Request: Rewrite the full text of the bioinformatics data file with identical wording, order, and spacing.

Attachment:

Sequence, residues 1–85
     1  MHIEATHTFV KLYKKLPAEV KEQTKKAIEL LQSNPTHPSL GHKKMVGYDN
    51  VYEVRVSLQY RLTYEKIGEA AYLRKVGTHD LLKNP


Sequence, residues 1–85
     1  MHIEATHTFV KLYKKLPAEV KEQTKKAIEL LQSNPTHPSL GHKKMVGYDN
    51  VYEVRVSLQY RLTYEKIGEA AYLRKVGTHD LLKNP